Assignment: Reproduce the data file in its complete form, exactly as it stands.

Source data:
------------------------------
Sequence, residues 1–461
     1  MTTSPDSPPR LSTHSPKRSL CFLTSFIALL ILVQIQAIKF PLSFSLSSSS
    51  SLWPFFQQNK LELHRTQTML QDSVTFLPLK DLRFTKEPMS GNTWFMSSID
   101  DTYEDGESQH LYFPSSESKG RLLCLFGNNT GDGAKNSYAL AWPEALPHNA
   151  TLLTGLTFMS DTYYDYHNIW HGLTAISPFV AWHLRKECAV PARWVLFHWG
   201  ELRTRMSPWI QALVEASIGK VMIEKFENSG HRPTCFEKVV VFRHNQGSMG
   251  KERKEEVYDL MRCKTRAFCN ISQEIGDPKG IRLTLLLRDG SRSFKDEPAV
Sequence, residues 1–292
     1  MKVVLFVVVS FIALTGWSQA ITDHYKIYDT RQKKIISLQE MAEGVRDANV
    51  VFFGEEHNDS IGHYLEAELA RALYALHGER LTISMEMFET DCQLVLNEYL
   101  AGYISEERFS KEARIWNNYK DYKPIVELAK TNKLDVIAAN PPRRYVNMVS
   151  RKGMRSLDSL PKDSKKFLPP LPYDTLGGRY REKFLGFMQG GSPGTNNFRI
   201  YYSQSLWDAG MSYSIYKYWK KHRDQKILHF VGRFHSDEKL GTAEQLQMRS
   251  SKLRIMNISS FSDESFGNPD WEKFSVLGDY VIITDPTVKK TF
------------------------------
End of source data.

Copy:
Sequence, residues 1–461
     1  MTTSPDSPPR LSTHSPKRSL CFLTSFIALL ILVQIQAIKF PLSFSLSSSS
    51  SLWPFFQQNK LELHRTQTML QDSVTFLPLK DLRFTKEPMS GNTWFMSSID
   101  DTYEDGESQH LYFPSSESKG RLLCLFGNNT GDGAKNSYAL AWPEALPHNA
   151  TLLTGLTFMS DTYYDYHNIW HGLTAISPFV AWHLRKECAV PARWVLFHWG
   201  ELRTRMSPWI QALVEASIGK VMIEKFENSG HRPTCFEKVV VFRHNQGSMG
   251  KERKEEVYDL MRCKTRAFCN ISQEIGDPKG IRLTLLLRDG SRSFKDEPAV
Sequence, residues 1–292
     1  MKVVLFVVVS FIALTGWSQA ITDHYKIYDT RQKKIISLQE MAEGVRDANV
    51  VFFGEEHNDS IGHYLEAELA RALYALHGER LTISMEMFET DCQLVLNEYL
   101  AGYISEERFS KEARIWNNYK DYKPIVELAK TNKLDVIAAN PPRRYVNMVS
   151  RKGMRSLDSL PKDSKKFLPP LPYDTLGGRY REKFLGFMQG GSPGTNNFRI
   201  YYSQSLWDAG MSYSIYKYWK KHRDQKILHF VGRFHSDEKL GTAEQLQMRS
   251  SKLRIMNISS FSDESFGNPD WEKFSVLGDY VIITDPTVKK TF